Nobody Logged Into MyBlogLog Anymore?

From all of my daily blog browsing, as well as watching our own blog, I don’t think many people are logged into MyBlogLog anymore. I know several blogs that used to have MyBlogLog on their sidebar, but don’t anymore.

I disabled MyBlogLog a few times early in January because it was dead slow, but that seemed to get resolved for the most part.

Then after the Shoemoney incident MyBlogLog fixed the authentication issue and in order to be logged in you had to go back and log in again. TechCrunch has a great round-up about the whole thing, including our second debut on TechCrunch (first).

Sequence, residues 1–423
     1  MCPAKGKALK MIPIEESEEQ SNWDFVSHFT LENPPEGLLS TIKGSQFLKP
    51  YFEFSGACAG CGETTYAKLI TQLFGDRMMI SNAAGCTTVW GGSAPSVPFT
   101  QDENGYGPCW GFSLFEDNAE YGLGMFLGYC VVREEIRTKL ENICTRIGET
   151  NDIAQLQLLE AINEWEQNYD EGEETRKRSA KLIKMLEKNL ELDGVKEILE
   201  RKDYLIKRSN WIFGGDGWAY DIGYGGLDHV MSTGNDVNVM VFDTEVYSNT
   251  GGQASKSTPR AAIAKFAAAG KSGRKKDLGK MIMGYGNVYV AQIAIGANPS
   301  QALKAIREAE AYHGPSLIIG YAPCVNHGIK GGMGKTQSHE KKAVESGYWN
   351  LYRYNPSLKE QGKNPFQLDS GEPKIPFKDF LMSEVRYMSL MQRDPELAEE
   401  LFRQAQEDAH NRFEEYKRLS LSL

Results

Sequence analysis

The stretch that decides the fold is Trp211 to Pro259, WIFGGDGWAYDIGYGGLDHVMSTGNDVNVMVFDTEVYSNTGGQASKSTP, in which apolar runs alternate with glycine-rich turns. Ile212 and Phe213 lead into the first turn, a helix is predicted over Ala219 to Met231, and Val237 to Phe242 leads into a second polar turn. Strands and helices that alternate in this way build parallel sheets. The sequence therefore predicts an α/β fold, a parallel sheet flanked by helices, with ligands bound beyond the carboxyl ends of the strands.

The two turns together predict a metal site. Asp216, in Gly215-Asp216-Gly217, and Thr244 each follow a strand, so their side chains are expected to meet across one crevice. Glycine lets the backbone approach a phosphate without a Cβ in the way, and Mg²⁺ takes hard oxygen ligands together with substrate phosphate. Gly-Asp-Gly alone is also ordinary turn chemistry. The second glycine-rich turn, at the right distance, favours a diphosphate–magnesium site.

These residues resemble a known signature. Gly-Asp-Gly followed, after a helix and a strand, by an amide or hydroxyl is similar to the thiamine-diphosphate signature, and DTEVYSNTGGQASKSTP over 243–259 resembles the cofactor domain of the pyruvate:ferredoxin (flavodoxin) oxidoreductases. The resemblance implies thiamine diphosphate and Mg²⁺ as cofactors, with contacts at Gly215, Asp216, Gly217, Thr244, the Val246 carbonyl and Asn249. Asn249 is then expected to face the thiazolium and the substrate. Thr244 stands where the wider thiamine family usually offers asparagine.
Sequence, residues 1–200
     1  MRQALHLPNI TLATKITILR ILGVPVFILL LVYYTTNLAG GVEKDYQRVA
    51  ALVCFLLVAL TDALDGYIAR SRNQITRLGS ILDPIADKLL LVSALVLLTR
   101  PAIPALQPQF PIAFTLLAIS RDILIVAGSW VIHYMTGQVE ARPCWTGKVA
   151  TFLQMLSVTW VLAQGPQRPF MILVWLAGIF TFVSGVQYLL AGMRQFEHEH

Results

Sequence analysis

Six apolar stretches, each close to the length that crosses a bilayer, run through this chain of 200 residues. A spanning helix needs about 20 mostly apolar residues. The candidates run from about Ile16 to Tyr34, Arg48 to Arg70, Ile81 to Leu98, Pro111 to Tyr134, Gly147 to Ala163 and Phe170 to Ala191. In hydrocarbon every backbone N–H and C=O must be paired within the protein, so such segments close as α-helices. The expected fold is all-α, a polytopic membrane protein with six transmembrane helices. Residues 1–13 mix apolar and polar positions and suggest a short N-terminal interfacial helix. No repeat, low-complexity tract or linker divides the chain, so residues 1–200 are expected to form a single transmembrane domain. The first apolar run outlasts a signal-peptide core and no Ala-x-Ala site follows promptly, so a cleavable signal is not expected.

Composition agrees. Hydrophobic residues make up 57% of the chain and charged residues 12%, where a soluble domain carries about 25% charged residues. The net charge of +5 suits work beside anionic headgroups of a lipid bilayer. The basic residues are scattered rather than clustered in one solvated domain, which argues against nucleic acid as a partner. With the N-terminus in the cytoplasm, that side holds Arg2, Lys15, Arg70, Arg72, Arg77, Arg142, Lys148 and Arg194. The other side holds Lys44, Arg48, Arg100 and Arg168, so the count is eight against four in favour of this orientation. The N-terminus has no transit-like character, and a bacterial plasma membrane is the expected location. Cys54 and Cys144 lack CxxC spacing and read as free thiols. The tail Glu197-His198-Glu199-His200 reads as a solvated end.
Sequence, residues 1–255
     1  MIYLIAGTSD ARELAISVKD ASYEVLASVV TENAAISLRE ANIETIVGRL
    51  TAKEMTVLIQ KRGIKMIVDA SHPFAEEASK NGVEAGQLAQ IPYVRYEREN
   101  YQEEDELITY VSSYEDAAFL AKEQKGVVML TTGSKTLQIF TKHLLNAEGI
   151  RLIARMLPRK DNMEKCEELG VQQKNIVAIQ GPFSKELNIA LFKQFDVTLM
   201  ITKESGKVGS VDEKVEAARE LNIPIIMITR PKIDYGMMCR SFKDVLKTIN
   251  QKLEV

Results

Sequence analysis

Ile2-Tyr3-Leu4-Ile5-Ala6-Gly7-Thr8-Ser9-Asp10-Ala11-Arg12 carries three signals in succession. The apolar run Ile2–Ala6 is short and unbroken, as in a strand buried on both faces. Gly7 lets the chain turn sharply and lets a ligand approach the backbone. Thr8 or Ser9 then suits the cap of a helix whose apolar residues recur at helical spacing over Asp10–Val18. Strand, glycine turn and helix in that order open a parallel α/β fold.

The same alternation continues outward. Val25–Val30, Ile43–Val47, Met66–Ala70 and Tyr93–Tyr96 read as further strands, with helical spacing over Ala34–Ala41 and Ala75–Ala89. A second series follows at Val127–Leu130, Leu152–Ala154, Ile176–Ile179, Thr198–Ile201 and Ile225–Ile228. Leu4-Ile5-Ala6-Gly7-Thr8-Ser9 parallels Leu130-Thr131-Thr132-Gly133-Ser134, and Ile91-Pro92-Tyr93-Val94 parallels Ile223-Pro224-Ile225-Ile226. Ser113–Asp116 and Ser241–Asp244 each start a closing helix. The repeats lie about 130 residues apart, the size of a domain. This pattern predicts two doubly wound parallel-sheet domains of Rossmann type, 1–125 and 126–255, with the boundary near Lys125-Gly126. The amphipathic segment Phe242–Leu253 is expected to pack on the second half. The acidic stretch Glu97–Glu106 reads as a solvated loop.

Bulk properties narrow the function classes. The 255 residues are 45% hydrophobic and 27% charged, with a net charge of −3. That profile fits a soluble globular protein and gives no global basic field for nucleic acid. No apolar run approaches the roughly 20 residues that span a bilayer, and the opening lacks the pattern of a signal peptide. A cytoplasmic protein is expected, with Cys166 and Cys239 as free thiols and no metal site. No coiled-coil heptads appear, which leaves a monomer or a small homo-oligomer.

I ran some tests earlier this week using one of our Missing MyBlogLog Tools, the Show All Visitors tool. I looked at several different blogs I read that are still using MyBlogLog on their site (graywolf, yaro, lonelymarketer, and andybeard). I know the traffic varies significantly between the sites, but even the high traffic sites had nowhere near the MyBlogLog turnover I would expect. On our blog, I used to be able to refresh every hour or two and have a whole new set of 10 pictures of people that came to our blog, but now I’m lucky if one or two new avatars shows up every hour or two. And it’s not our traffice, because since then our blog readership has increased more than 50%.